JOE ARPAIO, sheriff of Maricopa County, Arizona, has some interesting ideas about running prisons: His inmates sleep in tents in the desert, work on chain gangs when they misbehave, wear pink underwear, and eat green baloney sandwiches that cost less than dog food. Smoking, skin mags, and coffee are banned. Cellblock televisions show nothing but educational programs and weather reports.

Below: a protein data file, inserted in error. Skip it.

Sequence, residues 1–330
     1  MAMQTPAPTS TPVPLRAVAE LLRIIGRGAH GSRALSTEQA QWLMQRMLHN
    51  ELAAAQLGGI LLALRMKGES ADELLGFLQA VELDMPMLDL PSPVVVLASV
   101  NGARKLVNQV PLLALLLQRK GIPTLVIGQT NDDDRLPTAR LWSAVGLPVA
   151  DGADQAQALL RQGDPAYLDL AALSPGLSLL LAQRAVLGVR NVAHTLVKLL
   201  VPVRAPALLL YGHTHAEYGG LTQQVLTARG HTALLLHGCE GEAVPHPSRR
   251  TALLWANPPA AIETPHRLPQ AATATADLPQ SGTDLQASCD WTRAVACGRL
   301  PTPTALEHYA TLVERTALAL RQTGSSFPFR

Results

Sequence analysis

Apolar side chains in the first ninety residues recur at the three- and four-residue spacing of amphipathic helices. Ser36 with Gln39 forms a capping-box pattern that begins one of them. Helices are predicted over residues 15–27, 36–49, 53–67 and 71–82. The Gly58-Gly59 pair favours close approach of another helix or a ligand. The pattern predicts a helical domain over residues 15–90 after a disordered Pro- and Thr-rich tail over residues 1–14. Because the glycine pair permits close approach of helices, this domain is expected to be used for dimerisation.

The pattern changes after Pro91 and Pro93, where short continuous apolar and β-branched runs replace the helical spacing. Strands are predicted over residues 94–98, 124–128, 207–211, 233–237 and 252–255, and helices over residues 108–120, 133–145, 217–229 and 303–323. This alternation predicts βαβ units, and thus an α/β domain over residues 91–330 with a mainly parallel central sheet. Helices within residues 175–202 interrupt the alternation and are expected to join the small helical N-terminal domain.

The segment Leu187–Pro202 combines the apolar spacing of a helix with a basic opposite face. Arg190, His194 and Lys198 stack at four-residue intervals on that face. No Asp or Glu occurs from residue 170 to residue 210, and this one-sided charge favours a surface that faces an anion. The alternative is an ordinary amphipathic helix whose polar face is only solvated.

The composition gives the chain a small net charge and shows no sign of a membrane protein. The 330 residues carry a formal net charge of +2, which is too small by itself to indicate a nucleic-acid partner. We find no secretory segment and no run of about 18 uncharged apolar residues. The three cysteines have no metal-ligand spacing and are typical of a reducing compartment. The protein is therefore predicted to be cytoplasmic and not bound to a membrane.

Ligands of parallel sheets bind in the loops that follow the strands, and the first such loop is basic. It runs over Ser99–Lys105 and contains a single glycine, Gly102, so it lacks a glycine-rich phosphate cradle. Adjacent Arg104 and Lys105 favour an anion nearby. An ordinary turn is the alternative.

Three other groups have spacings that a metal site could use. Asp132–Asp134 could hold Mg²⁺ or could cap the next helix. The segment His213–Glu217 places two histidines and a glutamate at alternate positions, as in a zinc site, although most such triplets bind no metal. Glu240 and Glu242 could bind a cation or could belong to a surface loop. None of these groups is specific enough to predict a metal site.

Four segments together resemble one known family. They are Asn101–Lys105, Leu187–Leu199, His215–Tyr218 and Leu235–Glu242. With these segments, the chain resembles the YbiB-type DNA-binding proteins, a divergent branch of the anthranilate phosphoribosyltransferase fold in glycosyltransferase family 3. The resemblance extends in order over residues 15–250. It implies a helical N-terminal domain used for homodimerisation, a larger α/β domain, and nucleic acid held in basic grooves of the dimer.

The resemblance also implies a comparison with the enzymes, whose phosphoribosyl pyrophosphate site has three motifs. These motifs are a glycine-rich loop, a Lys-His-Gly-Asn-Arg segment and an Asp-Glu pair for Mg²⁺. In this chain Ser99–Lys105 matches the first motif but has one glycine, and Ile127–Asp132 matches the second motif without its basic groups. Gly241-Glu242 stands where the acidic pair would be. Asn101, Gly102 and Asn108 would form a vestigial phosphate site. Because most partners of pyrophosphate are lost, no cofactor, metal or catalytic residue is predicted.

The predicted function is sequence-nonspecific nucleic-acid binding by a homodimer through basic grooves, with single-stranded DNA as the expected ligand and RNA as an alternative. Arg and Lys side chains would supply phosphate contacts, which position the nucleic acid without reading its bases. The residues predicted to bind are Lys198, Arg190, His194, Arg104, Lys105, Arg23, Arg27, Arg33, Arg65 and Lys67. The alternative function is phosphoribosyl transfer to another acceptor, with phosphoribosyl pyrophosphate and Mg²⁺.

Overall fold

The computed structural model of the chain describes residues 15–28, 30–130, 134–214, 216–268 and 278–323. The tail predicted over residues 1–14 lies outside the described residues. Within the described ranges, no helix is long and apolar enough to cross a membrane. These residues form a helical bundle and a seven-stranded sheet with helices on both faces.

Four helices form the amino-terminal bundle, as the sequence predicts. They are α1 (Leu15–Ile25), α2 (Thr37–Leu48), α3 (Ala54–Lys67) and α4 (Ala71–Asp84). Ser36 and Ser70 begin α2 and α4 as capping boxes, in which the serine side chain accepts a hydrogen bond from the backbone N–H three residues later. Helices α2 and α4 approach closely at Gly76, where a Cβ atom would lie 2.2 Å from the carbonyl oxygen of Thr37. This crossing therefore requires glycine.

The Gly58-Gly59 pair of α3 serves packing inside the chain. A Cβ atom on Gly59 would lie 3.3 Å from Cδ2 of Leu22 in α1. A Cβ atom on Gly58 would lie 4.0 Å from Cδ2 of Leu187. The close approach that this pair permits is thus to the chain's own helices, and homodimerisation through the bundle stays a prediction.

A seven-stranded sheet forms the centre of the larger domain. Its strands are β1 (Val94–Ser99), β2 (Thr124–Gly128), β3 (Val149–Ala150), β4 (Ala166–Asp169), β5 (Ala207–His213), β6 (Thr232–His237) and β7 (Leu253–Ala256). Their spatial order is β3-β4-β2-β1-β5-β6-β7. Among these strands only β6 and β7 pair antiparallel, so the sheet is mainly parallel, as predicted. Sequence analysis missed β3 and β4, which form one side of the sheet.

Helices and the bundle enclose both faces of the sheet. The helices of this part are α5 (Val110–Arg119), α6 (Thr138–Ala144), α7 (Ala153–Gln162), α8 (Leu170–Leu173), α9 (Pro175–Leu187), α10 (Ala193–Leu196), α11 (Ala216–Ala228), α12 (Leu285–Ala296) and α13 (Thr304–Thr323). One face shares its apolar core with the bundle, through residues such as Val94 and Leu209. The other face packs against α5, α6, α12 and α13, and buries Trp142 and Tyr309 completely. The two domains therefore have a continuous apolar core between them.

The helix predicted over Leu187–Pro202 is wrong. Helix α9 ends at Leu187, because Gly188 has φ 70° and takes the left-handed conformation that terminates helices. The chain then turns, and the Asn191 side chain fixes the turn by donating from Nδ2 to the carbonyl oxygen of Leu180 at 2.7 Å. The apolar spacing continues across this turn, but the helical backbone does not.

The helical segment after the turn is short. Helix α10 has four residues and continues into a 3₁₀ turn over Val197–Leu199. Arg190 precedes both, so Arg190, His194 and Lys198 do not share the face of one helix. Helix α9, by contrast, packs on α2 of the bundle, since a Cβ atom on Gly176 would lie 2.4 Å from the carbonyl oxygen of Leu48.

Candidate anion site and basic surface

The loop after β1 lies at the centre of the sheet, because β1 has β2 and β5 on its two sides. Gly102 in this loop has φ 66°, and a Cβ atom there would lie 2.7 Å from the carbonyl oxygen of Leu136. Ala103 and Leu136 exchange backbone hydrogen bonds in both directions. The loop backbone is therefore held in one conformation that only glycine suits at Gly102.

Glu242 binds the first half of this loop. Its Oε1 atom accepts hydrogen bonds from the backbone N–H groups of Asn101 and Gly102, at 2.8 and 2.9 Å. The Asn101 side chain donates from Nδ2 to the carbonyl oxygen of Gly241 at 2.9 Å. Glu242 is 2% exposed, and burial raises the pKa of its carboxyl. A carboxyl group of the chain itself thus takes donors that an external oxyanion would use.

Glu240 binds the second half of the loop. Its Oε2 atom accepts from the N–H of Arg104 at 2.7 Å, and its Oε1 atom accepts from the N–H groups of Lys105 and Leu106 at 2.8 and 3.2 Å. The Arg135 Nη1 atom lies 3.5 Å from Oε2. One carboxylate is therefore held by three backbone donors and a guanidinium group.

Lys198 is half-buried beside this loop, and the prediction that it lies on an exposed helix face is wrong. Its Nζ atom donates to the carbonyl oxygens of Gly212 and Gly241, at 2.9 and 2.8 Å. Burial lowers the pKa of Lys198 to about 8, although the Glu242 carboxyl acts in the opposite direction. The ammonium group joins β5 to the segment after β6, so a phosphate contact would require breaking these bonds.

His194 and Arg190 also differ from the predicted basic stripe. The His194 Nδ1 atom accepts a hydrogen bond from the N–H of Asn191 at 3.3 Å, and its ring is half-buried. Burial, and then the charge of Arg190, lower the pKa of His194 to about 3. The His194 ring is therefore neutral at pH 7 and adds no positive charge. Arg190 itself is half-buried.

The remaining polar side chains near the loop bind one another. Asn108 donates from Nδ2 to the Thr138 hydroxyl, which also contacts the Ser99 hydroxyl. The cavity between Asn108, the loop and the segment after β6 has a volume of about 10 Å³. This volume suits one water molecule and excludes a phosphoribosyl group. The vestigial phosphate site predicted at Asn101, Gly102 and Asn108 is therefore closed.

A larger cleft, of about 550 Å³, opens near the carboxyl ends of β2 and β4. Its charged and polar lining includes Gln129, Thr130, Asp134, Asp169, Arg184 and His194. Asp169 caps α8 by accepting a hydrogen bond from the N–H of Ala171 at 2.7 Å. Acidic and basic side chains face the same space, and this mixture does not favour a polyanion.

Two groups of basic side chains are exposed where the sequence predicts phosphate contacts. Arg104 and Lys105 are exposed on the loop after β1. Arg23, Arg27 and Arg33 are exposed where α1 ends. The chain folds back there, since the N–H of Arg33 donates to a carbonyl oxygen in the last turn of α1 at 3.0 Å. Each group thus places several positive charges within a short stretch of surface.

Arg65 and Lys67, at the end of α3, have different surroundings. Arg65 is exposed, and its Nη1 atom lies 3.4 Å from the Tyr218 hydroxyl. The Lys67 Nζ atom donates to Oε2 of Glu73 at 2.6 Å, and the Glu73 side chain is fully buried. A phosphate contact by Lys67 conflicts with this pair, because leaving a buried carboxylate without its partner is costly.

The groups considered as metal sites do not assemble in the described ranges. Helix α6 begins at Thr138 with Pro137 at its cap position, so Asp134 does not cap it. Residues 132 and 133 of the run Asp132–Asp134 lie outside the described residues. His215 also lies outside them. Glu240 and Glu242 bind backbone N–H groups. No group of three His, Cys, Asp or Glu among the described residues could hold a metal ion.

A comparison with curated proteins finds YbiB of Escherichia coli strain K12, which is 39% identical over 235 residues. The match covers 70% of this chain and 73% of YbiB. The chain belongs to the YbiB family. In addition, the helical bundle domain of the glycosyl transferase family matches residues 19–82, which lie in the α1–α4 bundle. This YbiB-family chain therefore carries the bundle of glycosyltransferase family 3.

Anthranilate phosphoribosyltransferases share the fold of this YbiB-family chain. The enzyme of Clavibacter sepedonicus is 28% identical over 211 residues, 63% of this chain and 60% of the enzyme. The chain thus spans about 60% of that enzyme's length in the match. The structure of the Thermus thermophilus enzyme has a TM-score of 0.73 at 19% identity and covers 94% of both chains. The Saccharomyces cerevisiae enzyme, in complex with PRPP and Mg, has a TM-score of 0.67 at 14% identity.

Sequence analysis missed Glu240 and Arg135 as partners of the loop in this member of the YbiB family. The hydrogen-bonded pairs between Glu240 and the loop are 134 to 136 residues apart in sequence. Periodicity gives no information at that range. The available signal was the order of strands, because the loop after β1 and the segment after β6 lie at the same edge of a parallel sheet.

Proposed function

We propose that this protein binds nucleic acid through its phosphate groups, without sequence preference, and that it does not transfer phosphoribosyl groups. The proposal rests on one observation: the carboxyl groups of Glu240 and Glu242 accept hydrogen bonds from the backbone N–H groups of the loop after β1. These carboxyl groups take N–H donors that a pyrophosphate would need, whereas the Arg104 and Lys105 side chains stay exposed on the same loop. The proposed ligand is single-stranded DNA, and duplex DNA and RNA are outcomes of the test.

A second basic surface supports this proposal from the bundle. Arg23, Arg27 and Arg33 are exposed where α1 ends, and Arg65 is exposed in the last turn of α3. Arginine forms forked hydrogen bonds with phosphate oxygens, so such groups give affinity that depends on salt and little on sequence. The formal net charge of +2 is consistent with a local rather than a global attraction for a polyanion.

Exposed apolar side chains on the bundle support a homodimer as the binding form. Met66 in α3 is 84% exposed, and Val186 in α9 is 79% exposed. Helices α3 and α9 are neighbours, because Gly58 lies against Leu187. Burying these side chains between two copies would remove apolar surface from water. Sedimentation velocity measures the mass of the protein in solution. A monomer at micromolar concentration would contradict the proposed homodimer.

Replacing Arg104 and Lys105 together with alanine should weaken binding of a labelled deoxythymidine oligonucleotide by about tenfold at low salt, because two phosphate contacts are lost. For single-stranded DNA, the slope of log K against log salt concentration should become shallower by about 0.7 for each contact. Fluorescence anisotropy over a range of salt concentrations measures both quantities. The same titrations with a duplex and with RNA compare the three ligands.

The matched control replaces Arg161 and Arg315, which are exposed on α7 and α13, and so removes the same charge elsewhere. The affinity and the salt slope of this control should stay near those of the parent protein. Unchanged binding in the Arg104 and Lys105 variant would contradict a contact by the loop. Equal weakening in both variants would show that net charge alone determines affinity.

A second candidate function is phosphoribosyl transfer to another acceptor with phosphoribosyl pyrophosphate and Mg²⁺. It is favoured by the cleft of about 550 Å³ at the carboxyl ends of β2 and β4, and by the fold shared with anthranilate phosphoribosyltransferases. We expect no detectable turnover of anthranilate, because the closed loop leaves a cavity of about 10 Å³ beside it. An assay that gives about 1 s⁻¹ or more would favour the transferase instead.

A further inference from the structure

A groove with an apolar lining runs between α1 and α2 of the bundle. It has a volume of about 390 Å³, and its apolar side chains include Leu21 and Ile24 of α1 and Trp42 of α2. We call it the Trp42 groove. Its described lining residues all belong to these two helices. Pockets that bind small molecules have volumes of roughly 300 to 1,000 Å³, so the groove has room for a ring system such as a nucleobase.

JOE ARPAIO, sheriff of Maricopa County, Arizona, has some interesting ideas about running prisons: His inmates sleep in tents in the desert, work on chain gangs when they misbehave, wear pink underwear, and eat green baloney sandwiches that cost less than dog food. Smoking, skin mags, and coffee are banned. Cellblock televisions show nothing but educational programs and weather reports. As Arpaio is fond of saying, the Maricopa prison system, which serves the city of Phoenix, runs on the principle of "zero tolerance for the criminal element." Yet if the effectiveness of punishment is judged by its ability to stop people from repeating bad behavior, Arpaio's vastly popular efforts (he has an 85 percent approval rating with local voters) haven't been a huge success. While Arpaio has been an excellent law enforcer and runs an effective anti-drug program in his correctional system, a 1998 Arizona State University study commissioned by the sheriff himself found that his trademark harsh measures had no effect on recidivism. It's difficult to argue with Arpaio's desire to punish prisoners: Most people behind bars have done terrible things. But today's prisons--even supposedly tough ones like those in Maricopa County--do little to break criminals of the behavior that got them into trouble in the first place. All around America, just-released thugs step off of Greyhound buses and pick up their criminal careers where they left off. According to the Bureau of Justice Statistics, over 70 percent of robbers and nearly 80 percent of car thieves commit the same crimes again within three years of release. Overall, two-thirds of ex-cons are re-arrested within two years of release. Charles Colson, the former Nixon aide who founded the Prison Fellowship, sums up the situation best: "Instead of rehabilitating offenders, [the correctional system] debilitates them." Almost 600,000 people (an all-time record) left prison in 2001. The flip side of the growing prison populations of the last two decades--the incarceration rate more than tripled between 1980 and 2000--will be a growing number of released prisoners in the decade ahead. Their future is not bright. "The people being released from prison today are, on the whole, disconnected from their communities and have spent longer times behind bars," says Jeremy Travis, an Urban Institute fellow who studies prisoner reentry. As Travis and others point out, increased numbers of released criminals don't translate directly into rising crime rates. America's prisons released more prisoners every year in the past decade, as crime rates entered their sharpest dive on record. Crime is lower than it has been since the mid-1960s. But a return to the level of civic peace our grandparents enjoyed will require a serious effort to cut recidivism. Some tough-sounding moves actually make things easier on criminals. Abolishing parole--a quick and dirty route to longer sentences that many state legislatures followed in the 1980s--often made things worse. Thanks to time off for "good behavior," prisoners can still get out after serving a fraction of their sentences. Time-off policies, in any case, simply require prisoners to avoid insubordination, violence, and theft while in prison. Parole requires that prisoners actually improve themselves through educational programs and work. While more research remains to be done, states like Vermont that have retained traditional parole do have slightly lower recidivism rates than the rest of the country. Rather than abolishing parole, it might have been better for states to increase sentences honestly. After all, letting a prisoner know that he can get out after two years of a six-year sentence if he earns an associate's degree is better for him and society at large than having him slack off and be released for "good behavior" after serving half of a "no parole" four-year sentence. So if many supposedly tough policies don't work as advertised, what does? There's no pat answer--society is best off if some offenders live out their lives behind bars--but, since over 90 percent of those now incarcerated will eventually get out, breaking prisoners of their bad habits should be the priority. THE BEST SINGLE LESSON for prison reform comes from the great social policy success of the last decade: welfare reform. Since 1996, welfare policy in most states has focused on getting welfare recipients to work. Even before reforms actually went into effect, men and women on the dole began scrambling for jobs. Since 1996, welfare rolls have declined by more than half and, just as important, members of the nation's underclass acquired the disciplined habits of working-class America. They learned how to be on time, take direction from bosses, and dress suitably for work. As productive wage earners rather than beneficiaries of state largess, they also earned a well-deserved measure of self-respect. What worked for the largely female population of welfare recipients can also work for the largely male population of prison inmates. "The work ethic is part of mainstream America," says Charlie Sullivan, a former Catholic priest who is the executive director of Citizens United for the Rehabilitation of Errants, a left-leaning grass-roots group that promotes opportunities for prisoners to work. "When you can provide opportunities to work you can have prisoners learn what the rest of society does every day. They can begin to become breadwinners and help keep their families together rather than tearing them apart." Work programs are effective. An Urban Institute literature review from May 2002 found that prisoners who work in paid jobs for 18 months or more do almost as well as those who do significant college level work. This is a surprising outcome since most prisoners can barely read when they enter the clink and only a small, highly motivated bunch can do college work. While the benefits of education are significant, it's much harder to force prisoners to learn than it is to force them to work. (Although requiring prisoners to become literate and earn GEDs is a good idea.) At least one good model for prison labor already exists. The federal prison system, which requires all prisoners to work, allows particularly well behaved inmates to work in factories run by Federal Prison Industries. They produce everything from office furniture to pens for the government's use. The program also gives prisoners the opportunity to earn money for a nest egg upon release. Prisoners who misbehave lose out on the financial benefits and satisfaction of work. It's probably no coincidence that federal prisons have less violence and produce fewer recidivists than their counterparts on the state level. (Direct comparisons are a bit difficult since a larger percentage of federal inmates are educated white collar workers or sophisticated criminal kingpins.) Indeed, work can change the entire atmosphere inside prisons. "When you have 50 or 100 jobs paying $5.15 an hour, it can set up lots of good competition within a prison," says Knut Rostad, the president of the Enterprise Prison Institute, a right-leaning group that promotes opportunities for prisoners to work for money. Of course, not everyone supports prison labor. Manufacturers and unions are united in their opposition to the cheap labor which prisoners supposedly provide. (Actually, added security costs and low worker productivity mean that prison labor costs are, at best, about the same as those in the outside world.) Indeed, a bill that would significantly weaken Federal Prison Industries has found supporters in both parties. But the political obstacles to more work by prisoners should not be insuperable. Prisons should also hold inmates accountable for their behavior, particularly when it comes to drug use. Bureau of Justice Statistics studies from 1997 and 2000 show that over 50 percent of inmates used drugs in the month before their arrests and more than a third committed the crimes for which they are imprisoned while under the influence of narcotics. Despite regular searches, more than 10 percent of inmates test positive for drug use at any given time. Allowing prisoners to continue their drug use inside prison rewards this particular brand of law-breaking. Those who fail drug tests should receive severe punishments, extra time added to their sentences, and plenty of coercive drug treatment. Most research shows that forced drug rehab programs actually work better than voluntary ones. What better time to mandate sober and drug free behavior than when they are supervised for 24 hours a day? A 2000 UCLA study found that regular drug testing reduces recidivism significantly. Even if it did not, forcing prisoners to stop using drugs they presumably enjoy seems like a more appropriate punishment than shutting down the weight room. Even if prisons meet the tall order of socializing prisoners to the discipline of work and breaking them of their drug habits, cracking the recidivism problem will also require better follow-up from corrections professionals. Political scientist Edward Banfield famously argued that the real determinant of social class wasn't income as much as it was the ability to plan for the future. A great many criminals live from day to day and misbehave at least in part because they fail to recognize the long-term consequences of their actions. Forcing inmates to plan for their post-release lives could go a long way toward mitigating this problem and, perhaps, stopping them from repeating criminal behavior in the future. Every prisoner leaving the prison gates with the traditional bus ticket and cheap suit should also have a specific, detailed plan for his post-release life. This will require a radical break with current practices. A 2001 Urban Institute study on prisoner reentry uncovered some shocking practices that border on negligence. The state of California sends mentally ill prisoners home with only one day's worth of medication and, quite often, no directions on how to get more. Is it any surprise that so many return to crime? Parole and probation caseloads per officer have more than doubled since 1980. And, although they have proven successful in places like Boston and Orange County, programs based on intensive monitoring are under-funded. Indeed, a June 2002 cover story in Governing magazine argued persuasively that Boston's crime rates had begun to rise after a decade of decline largely because the city's law enforcement establishment lost its focus on the intensive intervention program that had become a national model. Thanks to the end of parole in many states, poorly behaved prisoners often serve out their entire sentences and then get released with no supervision whatsoever. There's no reason why the states shouldn't endeavor to follow up on every released prisoner by, at the very least, forcing them to register with the local police and other social service agencies. Lowell, Mass., and Stamford, Conn., have both pioneered highly effective partnerships with local probation departments. (Both cities, not coincidentally, rank among the top 20 crime reducers in the country.) While intensive monitoring can be costly, it is always cheaper than keeping people locked up. In some cases, states might do better to shorten sentences a bit and redirect the money toward monitoring a larger percentage of released prisoners, re-imprisoning them if they show any sign of reverting to their old ways. Finally, faith-based programs deserve more consideration. It goes without saying that no prisoner should be forced into faith-based rehabilitation but, at the very least, faith-based programs should stand on an equal footing with the New Age whole-person philosophies that pass for rehabilitation in many prisons today. Recidivism rates were considerably lower in the late 19th century when prisons saw their work in explicitly spiritual terms. Such practices deserve another try. Muscular Billy Graham-style evangelical Christianity, orthodox Islam, and Roman Catholicism all provide clear rules for nearly all aspects of life and, as a result, produce sincere converts who rarely re-offend. Those who believe that today's prisons are soft on criminals have a point. Allowing inmates to continue lazy, hedonistic, and immoral behavior is a recipe for a high recidivism rate. More than anything else, prisoners need more rules and regulations. Society should force them to work, attend classes, stop doing drugs, and live sober, upright lives after leaving prison. Doing so would punish them and protect the rest of us more effectively than green baloney sandwiches ever could. Eli Lehrer, a senior editor at the American Enterprise, works on the Heritage Foundation's Excellence in Policing Project along with former Attorney General Edwin Meese III.